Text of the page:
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June 1975

Cyclophosphamide Therapy for Rheumatoid Arthritis

Author Affiliations

From the Arthritis Division, Department of Medicine, University of Colorado School of Medicine, Denver. Dr. Bartholomew is now at Texas Technical University School of Medicine, Dr. Strong is now at the Holbrook-Hill Medical Group, Tucson, Ariz, and Dr. Recart is with the University of Concepcion Medical School, Concepcion, Chile.

Arch Intern Med. 1975;135(6):789-793. doi:10.1001/archinte.1975.00330060033004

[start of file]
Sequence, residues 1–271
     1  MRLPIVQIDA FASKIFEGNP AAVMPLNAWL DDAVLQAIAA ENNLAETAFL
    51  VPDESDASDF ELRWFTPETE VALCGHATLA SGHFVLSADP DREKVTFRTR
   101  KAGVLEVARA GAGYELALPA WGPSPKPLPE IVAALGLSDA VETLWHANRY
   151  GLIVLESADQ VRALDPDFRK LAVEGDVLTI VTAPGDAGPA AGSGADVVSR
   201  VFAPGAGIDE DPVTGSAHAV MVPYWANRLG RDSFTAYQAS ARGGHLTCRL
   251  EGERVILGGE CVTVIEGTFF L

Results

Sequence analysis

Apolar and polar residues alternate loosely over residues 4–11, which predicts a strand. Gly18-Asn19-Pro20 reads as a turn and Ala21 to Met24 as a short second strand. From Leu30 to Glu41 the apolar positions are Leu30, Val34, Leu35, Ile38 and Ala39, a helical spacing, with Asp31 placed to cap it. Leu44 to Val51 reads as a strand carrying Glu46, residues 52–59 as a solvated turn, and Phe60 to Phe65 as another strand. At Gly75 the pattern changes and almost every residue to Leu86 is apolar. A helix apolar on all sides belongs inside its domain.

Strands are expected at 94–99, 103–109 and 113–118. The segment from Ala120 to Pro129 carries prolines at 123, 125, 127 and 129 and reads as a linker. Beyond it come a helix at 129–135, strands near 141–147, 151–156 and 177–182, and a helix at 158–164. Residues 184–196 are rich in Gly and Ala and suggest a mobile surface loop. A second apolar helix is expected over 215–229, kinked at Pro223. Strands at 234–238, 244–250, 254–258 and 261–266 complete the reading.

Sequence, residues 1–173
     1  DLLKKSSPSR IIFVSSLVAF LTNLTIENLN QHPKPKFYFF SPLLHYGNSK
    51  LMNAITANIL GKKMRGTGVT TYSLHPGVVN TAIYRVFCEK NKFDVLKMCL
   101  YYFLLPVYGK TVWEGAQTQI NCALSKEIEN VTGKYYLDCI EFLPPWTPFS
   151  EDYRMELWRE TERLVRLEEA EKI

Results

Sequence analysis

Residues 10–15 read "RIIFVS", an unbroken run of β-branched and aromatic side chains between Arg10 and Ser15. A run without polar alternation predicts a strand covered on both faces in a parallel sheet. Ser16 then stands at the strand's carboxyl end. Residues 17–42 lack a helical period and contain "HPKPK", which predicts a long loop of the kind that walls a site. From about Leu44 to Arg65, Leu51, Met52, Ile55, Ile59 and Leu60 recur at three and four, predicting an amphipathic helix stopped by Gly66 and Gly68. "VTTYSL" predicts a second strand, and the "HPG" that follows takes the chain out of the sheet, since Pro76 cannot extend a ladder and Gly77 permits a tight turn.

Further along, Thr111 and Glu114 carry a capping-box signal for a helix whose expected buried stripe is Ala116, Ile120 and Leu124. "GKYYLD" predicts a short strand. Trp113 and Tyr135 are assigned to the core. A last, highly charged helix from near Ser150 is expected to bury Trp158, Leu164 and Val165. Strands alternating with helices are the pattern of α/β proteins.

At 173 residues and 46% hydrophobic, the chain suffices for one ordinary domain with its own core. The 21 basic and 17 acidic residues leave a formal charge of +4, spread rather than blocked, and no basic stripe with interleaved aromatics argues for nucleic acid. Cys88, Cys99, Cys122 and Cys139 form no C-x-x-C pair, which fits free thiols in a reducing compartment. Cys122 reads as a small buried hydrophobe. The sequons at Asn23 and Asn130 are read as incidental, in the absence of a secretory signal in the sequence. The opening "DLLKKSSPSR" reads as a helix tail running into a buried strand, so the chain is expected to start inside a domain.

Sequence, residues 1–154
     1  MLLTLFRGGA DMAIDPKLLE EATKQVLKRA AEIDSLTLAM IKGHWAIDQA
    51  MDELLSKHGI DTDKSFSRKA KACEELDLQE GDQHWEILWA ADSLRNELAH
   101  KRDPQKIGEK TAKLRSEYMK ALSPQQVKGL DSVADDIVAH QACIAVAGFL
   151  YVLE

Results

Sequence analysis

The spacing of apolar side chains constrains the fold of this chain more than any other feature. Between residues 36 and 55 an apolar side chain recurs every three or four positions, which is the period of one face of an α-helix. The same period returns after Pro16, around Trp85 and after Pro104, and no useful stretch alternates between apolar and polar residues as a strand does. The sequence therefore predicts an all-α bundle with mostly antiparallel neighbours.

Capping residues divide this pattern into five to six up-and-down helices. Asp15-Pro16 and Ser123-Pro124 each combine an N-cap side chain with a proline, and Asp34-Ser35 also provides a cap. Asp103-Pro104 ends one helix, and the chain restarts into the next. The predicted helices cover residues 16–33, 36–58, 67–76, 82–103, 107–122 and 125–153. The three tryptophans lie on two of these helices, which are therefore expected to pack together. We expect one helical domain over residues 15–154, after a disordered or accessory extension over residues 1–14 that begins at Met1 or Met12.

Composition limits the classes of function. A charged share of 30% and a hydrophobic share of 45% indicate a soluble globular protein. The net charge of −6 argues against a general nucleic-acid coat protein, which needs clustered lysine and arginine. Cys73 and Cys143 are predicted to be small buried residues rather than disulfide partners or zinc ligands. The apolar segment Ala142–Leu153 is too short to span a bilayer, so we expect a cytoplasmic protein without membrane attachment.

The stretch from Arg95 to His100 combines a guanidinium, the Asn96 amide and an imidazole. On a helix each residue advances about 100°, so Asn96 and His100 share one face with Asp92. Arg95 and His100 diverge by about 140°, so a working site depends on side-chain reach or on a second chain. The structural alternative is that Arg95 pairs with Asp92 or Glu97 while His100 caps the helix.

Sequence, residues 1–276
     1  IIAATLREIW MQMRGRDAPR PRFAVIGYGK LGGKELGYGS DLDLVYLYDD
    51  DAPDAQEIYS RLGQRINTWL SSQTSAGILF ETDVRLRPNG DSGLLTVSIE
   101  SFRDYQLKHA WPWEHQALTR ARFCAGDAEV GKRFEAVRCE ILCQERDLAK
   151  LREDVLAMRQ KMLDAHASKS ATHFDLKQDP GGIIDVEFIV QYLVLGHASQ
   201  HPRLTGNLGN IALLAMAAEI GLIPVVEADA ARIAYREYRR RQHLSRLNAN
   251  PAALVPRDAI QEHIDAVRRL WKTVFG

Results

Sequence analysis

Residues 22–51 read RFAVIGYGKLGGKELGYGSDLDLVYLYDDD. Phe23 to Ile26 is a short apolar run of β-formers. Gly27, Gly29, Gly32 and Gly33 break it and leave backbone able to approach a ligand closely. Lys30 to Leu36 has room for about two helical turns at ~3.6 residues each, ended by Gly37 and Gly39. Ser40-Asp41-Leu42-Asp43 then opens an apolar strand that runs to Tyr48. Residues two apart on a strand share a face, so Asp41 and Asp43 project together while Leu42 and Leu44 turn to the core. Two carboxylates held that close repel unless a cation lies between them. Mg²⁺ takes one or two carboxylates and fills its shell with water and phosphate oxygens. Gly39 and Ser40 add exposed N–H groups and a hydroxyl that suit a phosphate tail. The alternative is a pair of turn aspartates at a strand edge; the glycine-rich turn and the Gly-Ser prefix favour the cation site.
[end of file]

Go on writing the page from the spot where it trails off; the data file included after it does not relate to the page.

Cyclophosphamide in high doses was given for six months to 19 patients with rheumatoid arthritis. A second group of patients with rheumatoid arthritis whose conditions were stable on low-dose prednisone received in addition either cyclophosphamide or placebo for six months. Measurements of joint function and joint inflammation were used to estimate disease activity. Joint inflammation progressively decreased and joint function improved in the high-dose group. The low-dose cyclophosphamide-plus-prednisone group had a similar response that was different from the prednisone-plus-placebo group. Cyclophosphamide toxicity was common in the high-dose group and minimal in the low-dose-plus-prednisone group. Cyclophosphamide therapy improved the arthritis of these patients. The results were almost as good in the low-dose-plus-prednisone group, and the toxicity was much less.

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